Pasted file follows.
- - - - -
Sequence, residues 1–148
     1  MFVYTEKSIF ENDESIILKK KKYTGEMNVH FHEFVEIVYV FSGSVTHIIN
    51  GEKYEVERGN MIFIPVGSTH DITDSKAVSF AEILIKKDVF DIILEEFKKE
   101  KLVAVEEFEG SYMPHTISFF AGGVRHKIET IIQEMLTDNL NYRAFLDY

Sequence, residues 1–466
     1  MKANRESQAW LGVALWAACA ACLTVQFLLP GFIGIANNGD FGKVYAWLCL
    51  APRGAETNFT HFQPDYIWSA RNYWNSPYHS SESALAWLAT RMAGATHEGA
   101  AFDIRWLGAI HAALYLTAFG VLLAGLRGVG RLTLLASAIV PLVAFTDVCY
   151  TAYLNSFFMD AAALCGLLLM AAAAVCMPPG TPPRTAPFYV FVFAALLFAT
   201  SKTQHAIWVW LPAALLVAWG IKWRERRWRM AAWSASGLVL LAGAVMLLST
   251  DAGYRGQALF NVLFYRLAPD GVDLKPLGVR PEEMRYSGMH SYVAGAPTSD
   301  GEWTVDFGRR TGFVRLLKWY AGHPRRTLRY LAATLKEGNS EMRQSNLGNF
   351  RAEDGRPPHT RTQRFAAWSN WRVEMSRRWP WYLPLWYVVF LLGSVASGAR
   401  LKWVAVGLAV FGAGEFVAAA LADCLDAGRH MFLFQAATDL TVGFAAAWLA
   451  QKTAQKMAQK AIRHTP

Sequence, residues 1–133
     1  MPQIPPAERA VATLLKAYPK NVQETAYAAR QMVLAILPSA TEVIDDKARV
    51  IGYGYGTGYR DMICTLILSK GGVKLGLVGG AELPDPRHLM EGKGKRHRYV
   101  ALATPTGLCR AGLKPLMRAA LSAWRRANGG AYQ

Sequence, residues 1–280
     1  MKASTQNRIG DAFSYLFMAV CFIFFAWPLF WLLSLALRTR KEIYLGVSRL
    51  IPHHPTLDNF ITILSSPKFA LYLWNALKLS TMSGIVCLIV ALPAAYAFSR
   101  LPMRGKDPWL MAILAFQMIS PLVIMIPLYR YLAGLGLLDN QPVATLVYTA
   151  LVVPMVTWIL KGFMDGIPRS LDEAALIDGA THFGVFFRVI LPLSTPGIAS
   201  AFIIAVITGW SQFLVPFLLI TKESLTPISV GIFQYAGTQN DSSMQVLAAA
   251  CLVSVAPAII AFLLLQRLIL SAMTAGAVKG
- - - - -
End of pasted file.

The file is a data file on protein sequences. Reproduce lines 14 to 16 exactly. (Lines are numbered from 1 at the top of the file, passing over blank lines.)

   401  LKWVAVGLAV FGAGEFVAAA LADCLDAGRH MFLFQAATDL TVGFAAAWLA
   451  QKTAQKMAQK AIRHTP

Sequence, residues 1–133